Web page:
Weight range for Spanish 8 Reales?

Discussion in 'World Coins' started by Volante, Oct 31, 2013.

  1. Volante

    Volante Well-Known Member

    If the listed weight is 27.07g, how far below that would you be willing to accept as an authentic coin? (ignoring all other counterfeit diagnostics)
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  3. vdbpenny1995

    vdbpenny1995 Well-Known Member

    Certainly no less than 25 grams. I don't know a whole lot about weight tolerance but anything in the 24 gram range or less would be way to much tolerance. Do you have a specific weight value in question?
  4. Tyler

    Tyler Active Member

    It depends on the amount of wear. There is no specific weight that would signify the coin is fake unless of course it is MS or AU and weighs over 29g or less than 25g.

    GDJMSP Numismatist Moderator

    It's a lot more complicated than that. The maximum and minimum permissible weights for any of the coinage of the Spanish colonial mints was always established by Royal Decree. As was the degree of fineness. And they were very strict on this, strict to the point that violation could end with execution.

    That said, the specific time period being discussed also has a bearing. For example, during the cob period coins always had an established minimum & maximum weight tolerance, and a fineness, but the very nature of the coins led to clipping which was a pervasive practice. As a result of this the weight of surviving coins is all over the map and the weight is almost never used to determine authenticity, because it cannot be.

    With the advent of the milled coinage in 1732 things changed. Milled coinage put an end to clipping, so the weight can be used to determine authenticity. With milled coinage the maximum permissible weight for an 8 reales was 27.2638 grams. The minimum was 26.8646 grams. That is a very strict tolerance level and yes they did indeed use 4 decimal places. And these tolerance levels applied to all mints.

    Now contrary to what a lot of people think loss of weight due to wear is almost a non issue. That is because there is no appreciable loss of weight due to wear until you get to very low grades like VG. Even coins in F have no appreciable loss of weight.

    There is however the issue of deliberate underweight coins with coins from Potosi and from a specific time period. These coins were deliberately minted and struck underweight by mint officials. And they were caught, and some were executed, others were punished in other ways. But the underweight coins still exist.

    So short and sweet, in some cases weight can be used to determine authenticity and in some cases it cannot be used. And you have to know all of this information to know which is which.
    moneditis, fred13, serafino and 3 others like this.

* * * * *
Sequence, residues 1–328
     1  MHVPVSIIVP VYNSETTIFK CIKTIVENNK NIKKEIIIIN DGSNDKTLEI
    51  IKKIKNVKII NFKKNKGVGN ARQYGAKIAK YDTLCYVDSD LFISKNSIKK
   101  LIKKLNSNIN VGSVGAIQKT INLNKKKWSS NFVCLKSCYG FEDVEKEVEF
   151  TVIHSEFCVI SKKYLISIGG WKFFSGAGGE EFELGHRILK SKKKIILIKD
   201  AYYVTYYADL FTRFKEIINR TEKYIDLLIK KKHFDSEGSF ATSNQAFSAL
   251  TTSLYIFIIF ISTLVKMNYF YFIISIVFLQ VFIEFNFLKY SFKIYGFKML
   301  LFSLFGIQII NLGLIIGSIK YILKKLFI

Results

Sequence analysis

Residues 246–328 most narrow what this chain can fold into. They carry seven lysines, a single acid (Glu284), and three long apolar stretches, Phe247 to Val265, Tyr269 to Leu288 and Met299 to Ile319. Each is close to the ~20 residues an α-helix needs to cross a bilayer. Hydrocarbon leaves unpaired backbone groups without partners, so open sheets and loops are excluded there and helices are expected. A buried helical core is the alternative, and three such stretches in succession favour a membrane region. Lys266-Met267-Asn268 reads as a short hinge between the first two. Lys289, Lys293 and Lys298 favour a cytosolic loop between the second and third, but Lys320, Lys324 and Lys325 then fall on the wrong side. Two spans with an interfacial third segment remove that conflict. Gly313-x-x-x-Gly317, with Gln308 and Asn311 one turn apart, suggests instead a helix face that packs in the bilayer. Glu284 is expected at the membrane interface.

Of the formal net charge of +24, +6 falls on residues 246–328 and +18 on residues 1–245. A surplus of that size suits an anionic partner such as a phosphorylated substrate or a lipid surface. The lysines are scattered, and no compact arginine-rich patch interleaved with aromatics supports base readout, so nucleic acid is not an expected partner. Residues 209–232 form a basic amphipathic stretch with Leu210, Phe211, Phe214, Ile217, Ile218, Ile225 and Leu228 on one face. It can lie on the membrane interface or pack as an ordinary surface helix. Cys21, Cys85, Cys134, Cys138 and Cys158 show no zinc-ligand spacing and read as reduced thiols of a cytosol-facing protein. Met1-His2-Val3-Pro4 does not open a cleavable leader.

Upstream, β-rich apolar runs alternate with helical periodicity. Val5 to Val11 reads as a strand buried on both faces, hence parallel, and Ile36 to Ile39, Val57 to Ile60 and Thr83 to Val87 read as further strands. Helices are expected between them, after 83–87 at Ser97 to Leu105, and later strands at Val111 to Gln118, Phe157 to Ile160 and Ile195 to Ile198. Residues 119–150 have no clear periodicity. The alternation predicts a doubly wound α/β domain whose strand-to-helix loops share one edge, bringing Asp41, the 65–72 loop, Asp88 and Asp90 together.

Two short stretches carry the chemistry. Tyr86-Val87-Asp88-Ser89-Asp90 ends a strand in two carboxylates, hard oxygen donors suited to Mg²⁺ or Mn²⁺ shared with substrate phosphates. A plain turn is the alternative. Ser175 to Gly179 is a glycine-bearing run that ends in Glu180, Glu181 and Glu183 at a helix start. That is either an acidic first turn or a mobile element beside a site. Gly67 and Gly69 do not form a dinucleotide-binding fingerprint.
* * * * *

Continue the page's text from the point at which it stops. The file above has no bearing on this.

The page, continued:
6. Volante

    Volante Well-Known Member

    Thanks for the replies.
  7. Galen59

    Galen59 Gott helfe mir

    That that also go for 8 rls. coins ?
  8. Colonialjohn

    Colonialjohn Active Member

    Normally weights this high tend to favor an authentic coin assuming a good edge and appearance. Counterfeits are normally at regal weight and below.

    John Lorenzo
    United States

    GDJMSP Numismatist Moderator

    What I listed above was for 8 reales coins.
  10. Colonialjohn

    Colonialjohn Active Member

    In the new GNL book at Amazon Books now released the recommended cut-off is 25.0 grams for all mints which is discussed in detail in this 600 page book for $40 <BG>.

  11. Galen59

    Galen59 Gott helfe mir

    Thank you.
  12. mark240590

    mark240590 Rule Britannia !

    1778 Mexico carolus dollars are known to have debased fakes that were done by us british villains in canton.
  13. GDJMSP

    GDJMSP Numismatist Moderator

    That maybe what is listed in the book you reference. But the numbers I listed above are what is listed in the Royal Decrees that still exist in the Spanish archives today.
  14. Numismat

    Numismat World coin enthusiast

    I ordered this book, but based on this little tidbit I will read it with a skeptical mindset.
  15. AussieCollector

    AussieCollector Moderator Moderator

    Just to echo GDJMSP, I think we need to be a bit more nuanced with what an acceptable weight range for 8 reales coins is.

    It is absolutely correct to say that a milled, non shipwreck, 8 reales coin should not be below 25 or 26 grams - even in low grades.

    However, there are other considerations. Shipwrecked 8 reales coins, which are fully certified and sold by reputable dealers, are regularly sold at weights as low as 20 grams - in both milled and cob varieties.

    There is also the issue of the Potosi mint in the 1600s, where 8 reales were debased by reducing silver content and clipping. Most of these coins were tracked down and destroyed, but many also survived.

    So if your coin is milled, and looks complete, it should be 26 - 27 grams. If it's not milled, and/or is a shipwreck coin, the minimum weight can be much much lower.
  16. Colonialjohn

    Colonialjohn Active Member

    Yes - this information jives withe book. So for a normal 8R anything below 25 grams is probably debased with copper. I say debased only since predominantly brass or copper alloys are very easy to verify - of course and the point of them being authentic is even moot.
  17. moneditis

    moneditis Reales de a 8

    Last edited: Sep 1, 2016
  18. moneditis

    moneditis Reales de a 8

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